Drawn from a prior post on my–another piece of the journey to wholeness and healing.
This is about looking within, reclaiming your Individual “I”.
OK, so once upon a time, you were somebody’s child. In time, you became somebody’s girlfriend, then somebody’s wife, then somebody’s mother, and somewhere along the way, you merged yourself with your husband in your marriage.
Somewhere along that same way, you became “lost” until his midlife crisis got your attention.
So, where did your collective “I” get lost? Get busy finding her, because she is the key to your personal identity. WHERE do you find her? Deep within YOU.
I think we all had dreams of some kind before we fell in love, got married had children, settled into a routine of relationship, marriage, raising children, and dealt with a partner whose life’s mission seemed to be changing us to more “fit” their ideals of how they thought we should “be”.
However, IF the midlife spouse were questioned, they would claim it was the other way around–but both of you would be telling the truth.
Because both of you lost your individual identities within each other during those years of marriage. Both of you took God’s concept of “One Flesh” several steps too far, developing a co-dependent relationship, instead of an interdependent one. You forgot how to think for yourself, so did the midlife spouse. Even in those rare times that you did think for yourself, you were still pressured into doing it THEIR WAY, but hey, at times, you did the SAME thing to the midlife spouse, too—if you thought honestly about it.
So, with both of you in the same boat, you are on the same journey in this particular aspect–to reclaim your individual identities. Eventually, both of you will hopefully grow up and become whom God meant for you to be. However, this involves a journey of major proportions, and a quest that leads deep within yourself to achieve this reclaiming of the person you once were.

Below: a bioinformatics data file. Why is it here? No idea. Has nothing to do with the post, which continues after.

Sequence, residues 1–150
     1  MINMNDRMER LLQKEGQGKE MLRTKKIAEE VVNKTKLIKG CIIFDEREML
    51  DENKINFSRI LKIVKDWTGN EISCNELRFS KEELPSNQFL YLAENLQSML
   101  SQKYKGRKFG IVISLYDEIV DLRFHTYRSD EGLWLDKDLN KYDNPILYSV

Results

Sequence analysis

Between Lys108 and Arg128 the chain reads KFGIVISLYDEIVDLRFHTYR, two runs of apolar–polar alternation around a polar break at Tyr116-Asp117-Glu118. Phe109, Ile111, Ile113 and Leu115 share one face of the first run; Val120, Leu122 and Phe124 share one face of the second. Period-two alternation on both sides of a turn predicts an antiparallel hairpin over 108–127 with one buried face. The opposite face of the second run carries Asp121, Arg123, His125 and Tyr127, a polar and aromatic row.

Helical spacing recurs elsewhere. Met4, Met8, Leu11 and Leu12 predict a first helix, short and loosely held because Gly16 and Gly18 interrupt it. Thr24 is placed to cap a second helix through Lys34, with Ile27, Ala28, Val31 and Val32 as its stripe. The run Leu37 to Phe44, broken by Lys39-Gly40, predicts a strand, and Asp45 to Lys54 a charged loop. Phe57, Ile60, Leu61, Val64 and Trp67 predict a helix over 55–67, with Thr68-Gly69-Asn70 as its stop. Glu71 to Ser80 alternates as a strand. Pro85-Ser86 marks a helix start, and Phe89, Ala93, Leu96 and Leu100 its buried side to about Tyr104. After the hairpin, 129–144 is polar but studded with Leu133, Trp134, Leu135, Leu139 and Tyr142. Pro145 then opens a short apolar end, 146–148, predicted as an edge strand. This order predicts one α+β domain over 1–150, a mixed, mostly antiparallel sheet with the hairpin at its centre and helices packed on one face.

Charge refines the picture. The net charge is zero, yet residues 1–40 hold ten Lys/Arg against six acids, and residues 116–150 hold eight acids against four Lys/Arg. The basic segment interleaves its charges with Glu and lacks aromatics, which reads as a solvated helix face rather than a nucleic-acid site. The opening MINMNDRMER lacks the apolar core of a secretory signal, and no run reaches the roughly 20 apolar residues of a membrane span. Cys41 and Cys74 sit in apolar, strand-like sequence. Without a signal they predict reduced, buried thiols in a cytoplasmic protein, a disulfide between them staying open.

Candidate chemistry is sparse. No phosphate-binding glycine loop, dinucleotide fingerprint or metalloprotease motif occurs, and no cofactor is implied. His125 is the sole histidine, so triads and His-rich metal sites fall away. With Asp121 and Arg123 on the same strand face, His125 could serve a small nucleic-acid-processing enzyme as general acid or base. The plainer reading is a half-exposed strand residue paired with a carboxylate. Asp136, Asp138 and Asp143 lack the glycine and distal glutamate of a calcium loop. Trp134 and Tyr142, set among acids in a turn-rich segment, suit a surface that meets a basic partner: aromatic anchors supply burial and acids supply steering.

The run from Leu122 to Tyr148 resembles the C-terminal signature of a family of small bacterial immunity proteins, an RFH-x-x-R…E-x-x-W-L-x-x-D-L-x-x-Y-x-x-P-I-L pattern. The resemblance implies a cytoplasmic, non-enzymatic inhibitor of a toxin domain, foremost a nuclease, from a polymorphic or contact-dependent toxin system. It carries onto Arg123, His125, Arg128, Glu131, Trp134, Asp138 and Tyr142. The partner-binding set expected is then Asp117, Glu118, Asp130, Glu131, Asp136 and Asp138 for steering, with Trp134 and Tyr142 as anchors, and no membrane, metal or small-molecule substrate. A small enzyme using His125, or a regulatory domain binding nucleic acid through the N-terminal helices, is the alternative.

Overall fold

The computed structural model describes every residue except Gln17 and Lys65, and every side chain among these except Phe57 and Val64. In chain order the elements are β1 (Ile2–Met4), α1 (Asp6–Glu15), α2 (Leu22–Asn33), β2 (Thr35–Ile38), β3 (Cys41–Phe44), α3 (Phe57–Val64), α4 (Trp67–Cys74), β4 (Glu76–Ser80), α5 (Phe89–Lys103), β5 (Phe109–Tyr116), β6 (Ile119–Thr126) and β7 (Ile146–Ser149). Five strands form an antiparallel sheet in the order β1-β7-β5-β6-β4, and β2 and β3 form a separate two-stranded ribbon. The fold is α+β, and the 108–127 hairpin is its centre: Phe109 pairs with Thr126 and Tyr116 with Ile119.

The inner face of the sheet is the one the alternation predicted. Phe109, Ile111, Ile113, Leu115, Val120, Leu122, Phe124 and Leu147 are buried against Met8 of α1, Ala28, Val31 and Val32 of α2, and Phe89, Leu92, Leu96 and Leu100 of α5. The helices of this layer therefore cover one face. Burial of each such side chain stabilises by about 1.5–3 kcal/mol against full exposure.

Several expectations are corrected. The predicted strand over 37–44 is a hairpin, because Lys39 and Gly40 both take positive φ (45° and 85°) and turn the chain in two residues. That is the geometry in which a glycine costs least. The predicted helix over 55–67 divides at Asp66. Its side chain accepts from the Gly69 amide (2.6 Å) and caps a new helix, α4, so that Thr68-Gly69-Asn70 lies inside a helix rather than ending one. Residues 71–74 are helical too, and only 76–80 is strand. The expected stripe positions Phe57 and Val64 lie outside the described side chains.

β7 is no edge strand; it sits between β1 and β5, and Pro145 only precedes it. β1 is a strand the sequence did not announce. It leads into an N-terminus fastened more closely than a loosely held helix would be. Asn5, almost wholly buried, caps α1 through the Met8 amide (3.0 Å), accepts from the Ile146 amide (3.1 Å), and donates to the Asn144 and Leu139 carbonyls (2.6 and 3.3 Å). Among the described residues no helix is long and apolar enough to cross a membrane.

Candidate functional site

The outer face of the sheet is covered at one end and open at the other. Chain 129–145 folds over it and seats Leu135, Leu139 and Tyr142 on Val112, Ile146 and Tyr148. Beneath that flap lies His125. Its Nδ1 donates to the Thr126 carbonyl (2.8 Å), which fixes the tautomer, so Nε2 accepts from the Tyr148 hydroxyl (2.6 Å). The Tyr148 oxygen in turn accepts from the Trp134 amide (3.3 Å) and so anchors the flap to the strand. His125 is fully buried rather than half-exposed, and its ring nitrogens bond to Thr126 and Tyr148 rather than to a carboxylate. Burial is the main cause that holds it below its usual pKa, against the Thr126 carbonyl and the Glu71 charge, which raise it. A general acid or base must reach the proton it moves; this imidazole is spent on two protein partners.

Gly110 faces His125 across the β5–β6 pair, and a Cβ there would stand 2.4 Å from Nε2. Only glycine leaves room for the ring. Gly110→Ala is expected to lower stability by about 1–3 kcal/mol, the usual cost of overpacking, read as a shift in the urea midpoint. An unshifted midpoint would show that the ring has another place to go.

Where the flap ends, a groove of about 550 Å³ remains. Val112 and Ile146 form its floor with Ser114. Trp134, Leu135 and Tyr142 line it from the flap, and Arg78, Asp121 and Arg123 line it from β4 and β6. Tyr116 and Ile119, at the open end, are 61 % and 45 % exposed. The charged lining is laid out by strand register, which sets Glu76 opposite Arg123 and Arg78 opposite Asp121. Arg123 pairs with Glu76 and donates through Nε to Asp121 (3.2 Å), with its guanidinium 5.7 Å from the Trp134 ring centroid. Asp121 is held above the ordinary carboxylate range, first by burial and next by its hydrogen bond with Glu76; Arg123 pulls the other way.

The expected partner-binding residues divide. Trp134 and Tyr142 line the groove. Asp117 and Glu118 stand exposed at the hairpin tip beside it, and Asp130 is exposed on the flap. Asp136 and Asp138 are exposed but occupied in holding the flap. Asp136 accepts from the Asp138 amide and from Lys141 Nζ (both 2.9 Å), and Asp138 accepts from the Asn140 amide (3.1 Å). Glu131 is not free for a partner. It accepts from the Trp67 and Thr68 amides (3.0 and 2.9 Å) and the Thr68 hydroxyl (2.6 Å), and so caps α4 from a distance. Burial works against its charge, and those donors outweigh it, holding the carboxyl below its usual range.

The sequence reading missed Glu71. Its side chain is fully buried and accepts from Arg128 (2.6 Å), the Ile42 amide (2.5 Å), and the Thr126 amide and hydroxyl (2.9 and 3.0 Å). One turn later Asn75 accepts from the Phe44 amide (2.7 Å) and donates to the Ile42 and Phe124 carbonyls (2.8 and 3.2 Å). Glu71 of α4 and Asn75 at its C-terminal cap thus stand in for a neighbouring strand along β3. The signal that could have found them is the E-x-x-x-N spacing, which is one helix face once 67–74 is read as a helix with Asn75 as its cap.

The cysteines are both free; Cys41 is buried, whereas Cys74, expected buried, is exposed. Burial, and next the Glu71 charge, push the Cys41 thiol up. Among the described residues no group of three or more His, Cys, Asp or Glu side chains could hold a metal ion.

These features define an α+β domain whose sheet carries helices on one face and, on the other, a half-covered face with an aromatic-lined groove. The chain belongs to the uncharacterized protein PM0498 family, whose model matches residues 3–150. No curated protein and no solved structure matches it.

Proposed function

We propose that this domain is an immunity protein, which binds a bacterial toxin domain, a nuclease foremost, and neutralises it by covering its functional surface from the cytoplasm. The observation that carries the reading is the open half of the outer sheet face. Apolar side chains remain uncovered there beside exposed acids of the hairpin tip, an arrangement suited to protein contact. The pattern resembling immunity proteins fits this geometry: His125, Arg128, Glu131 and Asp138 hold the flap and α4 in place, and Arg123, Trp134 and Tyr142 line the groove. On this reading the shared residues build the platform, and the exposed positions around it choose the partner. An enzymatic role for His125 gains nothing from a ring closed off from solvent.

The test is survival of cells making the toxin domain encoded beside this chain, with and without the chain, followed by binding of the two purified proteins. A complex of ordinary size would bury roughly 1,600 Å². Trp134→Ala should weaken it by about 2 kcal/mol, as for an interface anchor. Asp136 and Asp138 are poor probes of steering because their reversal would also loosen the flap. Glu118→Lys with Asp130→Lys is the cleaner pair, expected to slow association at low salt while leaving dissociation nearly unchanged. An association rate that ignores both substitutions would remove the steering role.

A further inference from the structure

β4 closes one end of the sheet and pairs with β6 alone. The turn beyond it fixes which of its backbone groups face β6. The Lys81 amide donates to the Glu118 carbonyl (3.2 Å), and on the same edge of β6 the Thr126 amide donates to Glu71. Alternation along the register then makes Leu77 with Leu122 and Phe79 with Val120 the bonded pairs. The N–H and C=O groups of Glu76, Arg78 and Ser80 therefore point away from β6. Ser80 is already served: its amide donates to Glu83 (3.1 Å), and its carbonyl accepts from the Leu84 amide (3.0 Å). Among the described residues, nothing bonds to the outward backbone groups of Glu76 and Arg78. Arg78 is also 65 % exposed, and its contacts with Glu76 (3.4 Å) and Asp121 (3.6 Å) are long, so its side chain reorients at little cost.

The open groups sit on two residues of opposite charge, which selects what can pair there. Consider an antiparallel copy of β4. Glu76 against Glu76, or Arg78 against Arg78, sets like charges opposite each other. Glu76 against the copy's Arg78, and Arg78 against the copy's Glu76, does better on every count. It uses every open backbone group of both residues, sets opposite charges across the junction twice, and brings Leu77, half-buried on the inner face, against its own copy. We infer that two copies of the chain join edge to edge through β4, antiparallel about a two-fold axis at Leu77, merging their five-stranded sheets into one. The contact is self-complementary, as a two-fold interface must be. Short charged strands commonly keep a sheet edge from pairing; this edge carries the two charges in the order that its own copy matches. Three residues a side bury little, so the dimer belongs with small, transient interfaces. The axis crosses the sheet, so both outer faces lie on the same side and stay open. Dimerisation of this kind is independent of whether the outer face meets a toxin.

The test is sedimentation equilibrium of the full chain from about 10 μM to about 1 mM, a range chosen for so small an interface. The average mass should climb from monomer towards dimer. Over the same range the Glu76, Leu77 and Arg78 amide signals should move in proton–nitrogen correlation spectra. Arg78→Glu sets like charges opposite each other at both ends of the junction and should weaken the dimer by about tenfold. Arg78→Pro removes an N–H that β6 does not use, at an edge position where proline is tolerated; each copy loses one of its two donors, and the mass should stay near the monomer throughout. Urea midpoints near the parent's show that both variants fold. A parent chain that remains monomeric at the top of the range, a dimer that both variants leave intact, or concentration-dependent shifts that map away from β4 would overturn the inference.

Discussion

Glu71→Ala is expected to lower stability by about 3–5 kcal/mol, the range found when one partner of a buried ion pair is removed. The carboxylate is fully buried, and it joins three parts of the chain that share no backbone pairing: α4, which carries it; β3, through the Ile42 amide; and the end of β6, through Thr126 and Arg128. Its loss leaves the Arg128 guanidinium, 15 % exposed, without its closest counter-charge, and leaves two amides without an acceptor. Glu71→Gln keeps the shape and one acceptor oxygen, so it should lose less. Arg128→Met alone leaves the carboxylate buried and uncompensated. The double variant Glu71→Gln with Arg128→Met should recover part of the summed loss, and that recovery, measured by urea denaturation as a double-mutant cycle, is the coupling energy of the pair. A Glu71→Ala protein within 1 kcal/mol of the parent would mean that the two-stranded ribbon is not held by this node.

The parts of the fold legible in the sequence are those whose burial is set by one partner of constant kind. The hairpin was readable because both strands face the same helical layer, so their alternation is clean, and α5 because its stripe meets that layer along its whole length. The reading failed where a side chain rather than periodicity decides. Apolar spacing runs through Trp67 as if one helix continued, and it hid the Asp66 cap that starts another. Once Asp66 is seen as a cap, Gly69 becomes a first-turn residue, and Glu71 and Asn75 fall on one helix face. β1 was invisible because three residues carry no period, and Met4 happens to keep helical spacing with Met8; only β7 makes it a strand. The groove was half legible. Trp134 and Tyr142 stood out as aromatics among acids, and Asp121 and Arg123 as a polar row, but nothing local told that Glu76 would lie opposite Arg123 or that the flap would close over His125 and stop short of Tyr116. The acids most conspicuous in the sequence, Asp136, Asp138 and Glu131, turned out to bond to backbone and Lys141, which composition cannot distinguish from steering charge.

It always takes the midlife spouse longer to do this, because, unlike you, they are not looking within. They are still busy doing the same old thing they did with you–looking at the outside solutions to try and “fix” an inside problem.
If you think about it, before the midlife crisis, they were always looking to YOU to fix THEM. When the midlife crisis began, they became different, their needs changed, and they began looking elsewhere for the same “fix” they had always gotten from you, but do not seek it from you, because they do not see you as the same person they did before their perception shifted, altered, and skewed.
You think it is wrong, but really, it is not, because people change all of the time. It is not changing that is wrong; it is what is done to respond/react to that change that makes a person’s actions right or wrong.
No matter what you say, by the time the emotional bomb dropped, you were not that same person you were when you got married. You CHANGED. Was it wrong? No, change is a part of life, and it stands to reason we are all going to change as we get older.
Where the midlife spouse goes wrong is when they decide the problem is their spouse, their life, their marriage, etc. Because of this wrong state of mind, they decide to “remake” some things, and in that process, take a dead-end road, or even several wrong turns that is going to lead them to nowhere.
Therefore, they buy themselves a lot of trouble they could have avoided had they simply done what you are doing now-look within for everything that was “lost” and needs to be “found”–but they do not do that until they have exhausted every avenue of escape they dare to try and get away from their emotional pain.
It is not until later in the midlife crisis when the midlife spouse will hopefully figure this one little detail out (to look WITHIN for their answers), and choose to do the work they should have done to begin with. But hey, you find that you are ahead of them, because you began your own journey, and learned this important lesson for yourself.
Change really does have to start with you as an individual. We all have to learn to fix ourselves, learn to reclaim our individual identity, and like all other types of change, growth and becoming–it all takes time.
More food for thought and another piece of the Journey to Wholeness and Healing.